The technology landscape is, yet again, undergoing some rapid and massive shifts. The world finally succumbed to the gravity of the Internet and the resulting democratization of information, business, and technology is giving birth to new global markets and huge opportunity. But along with the next tidal wave of technological growth on a global level comes the risk of yet another technology monoculture. These are the very issues that keep Sun chief operating officer and president Jonathan Schwartz up at night.
Here at PC Forum, he took some time out of his business schedule to share his views on where the world is heading and how everybody needs to be thinking about technology. But, during the interview--which is available as both an MP3 download and as podcast that you can have downloaded to your system and/or MP3 player automatically (see ZDNet's podcasts: How to tune in)--Schwartz may have dropped a bit of news about a forthcoming Sun initiative.
The last time a technology showed up on the landscape that had the potential to sink its claws into everything digital and Microsoft had the opportunity to leverage its monopoly of the desktop to be that technology's key player, the technology was identity management. Microsoft's flavor of it was called Passport, and Sun intervened by starting the Liberty Alliance. Given the amount of wind that was stripped out of Passport's sails over the year, it could be argued that the Liberty Alliance succeeded in heading off another wave of Microsoft domination. But the risk of another monoculture still exists, particularly when it comes to media clients and digital rights management -- two related technologies that, like identity management, either are or will be hooked into almost all things digital--including our devices and the telecommunications infrastructure. As Schwartz and I discussed the risk, he hinted that another Sun-led Liberty-like move might be afoot.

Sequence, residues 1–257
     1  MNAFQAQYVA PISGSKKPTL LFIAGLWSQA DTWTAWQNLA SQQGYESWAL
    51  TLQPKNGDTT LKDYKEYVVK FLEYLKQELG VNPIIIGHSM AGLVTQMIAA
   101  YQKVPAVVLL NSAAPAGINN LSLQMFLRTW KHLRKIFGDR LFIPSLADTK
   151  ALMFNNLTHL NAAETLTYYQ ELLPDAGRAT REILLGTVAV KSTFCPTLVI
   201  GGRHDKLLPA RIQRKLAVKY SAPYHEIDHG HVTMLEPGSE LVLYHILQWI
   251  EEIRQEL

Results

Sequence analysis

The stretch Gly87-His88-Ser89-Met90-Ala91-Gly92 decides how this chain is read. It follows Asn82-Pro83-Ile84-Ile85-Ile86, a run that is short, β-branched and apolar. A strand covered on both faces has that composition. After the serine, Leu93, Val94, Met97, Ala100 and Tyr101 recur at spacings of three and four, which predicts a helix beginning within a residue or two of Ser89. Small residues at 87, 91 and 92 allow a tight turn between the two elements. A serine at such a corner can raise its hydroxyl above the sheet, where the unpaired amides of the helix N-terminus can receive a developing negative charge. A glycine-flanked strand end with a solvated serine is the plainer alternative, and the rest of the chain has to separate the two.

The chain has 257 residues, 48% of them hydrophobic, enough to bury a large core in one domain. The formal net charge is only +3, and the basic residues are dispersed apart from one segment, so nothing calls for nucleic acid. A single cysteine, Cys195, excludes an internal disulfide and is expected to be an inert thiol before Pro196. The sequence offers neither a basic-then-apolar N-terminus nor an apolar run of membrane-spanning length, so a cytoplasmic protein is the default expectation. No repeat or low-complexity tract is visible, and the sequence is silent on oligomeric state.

Schwartz was here at PC Forum to discuss the issue of globalization and also, during the interview, talked about what he thought the tipping point was that led to the current wave of explosive growth in technology. Said Schwartz:
If you read my blog, you know that I'm a fan of having culture and social change impact technology change. If you look at the evolution of the Internet on PCs, the Internet happened without the permission of either the manufacturer of the device or the monopoly provider of the operating system that went onto that device. The Internet just occurred because there was volume.
There were 300- or 400-million devices out there that could in fact be enabled by the Internet. As soon as that capacity existed, all of the sudden, there was market opportunity and people were taking advantage of it very quickly. Yahoo was created. Amazon, Google, on down the list as well as businesses around the world that figured out how to take advantage of it to a PC. But the PC is largely a device that's used by people of our respective generation.
If you go down another 10, 15 or 20 years, what you'll see is kids walking around with mobile handsets that are much more functional than your PC for the things that they need to get done and so the services that we see being created are as much occuring on those mobile devices where there is much less cultural reticence to the idea that I'm going to go create a new business -- I'm going to go create a game or I'm going to go create a network service. The similar destruction of the barriers to entry, the mapping of a new demographic that isn't so caught up in the traditional definition of an IT company -- you know, what is a mobile service on a handset... is that an IT company? Well it is because uses technology but it's not because it's all about dating -- the combination of those two as well as more money coming into the market is really creating a different world.